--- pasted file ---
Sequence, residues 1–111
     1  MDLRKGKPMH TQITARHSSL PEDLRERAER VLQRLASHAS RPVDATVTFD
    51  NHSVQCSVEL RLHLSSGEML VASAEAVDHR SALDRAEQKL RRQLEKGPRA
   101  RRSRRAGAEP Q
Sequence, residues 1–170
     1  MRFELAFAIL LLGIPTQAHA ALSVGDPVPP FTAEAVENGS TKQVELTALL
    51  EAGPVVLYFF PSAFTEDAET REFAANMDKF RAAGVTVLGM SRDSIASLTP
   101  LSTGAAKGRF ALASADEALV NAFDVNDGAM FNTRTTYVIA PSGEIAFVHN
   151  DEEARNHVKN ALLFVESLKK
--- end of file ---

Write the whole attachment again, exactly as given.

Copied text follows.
Sequence, residues 1–111
     1  MDLRKGKPMH TQITARHSSL PEDLRERAER VLQRLASHAS RPVDATVTFD
    51  NHSVQCSVEL RLHLSSGEML VASAEAVDHR SALDRAEQKL RRQLEKGPRA
   101  RRSRRAGAEP Q
Sequence, residues 1–170
     1  MRFELAFAIL LLGIPTQAHA ALSVGDPVPP FTAEAVENGS TKQVELTALL
    51  EAGPVVLYFF PSAFTEDAET REFAANMDKF RAAGVTVLGM SRDSIASLTP
   101  LSTGAAKGRF ALASADEALV NAFDVNDGAM FNTRTTYVIA PSGEIAFVHN
   151  DEEARNHVKN ALLFVESLKK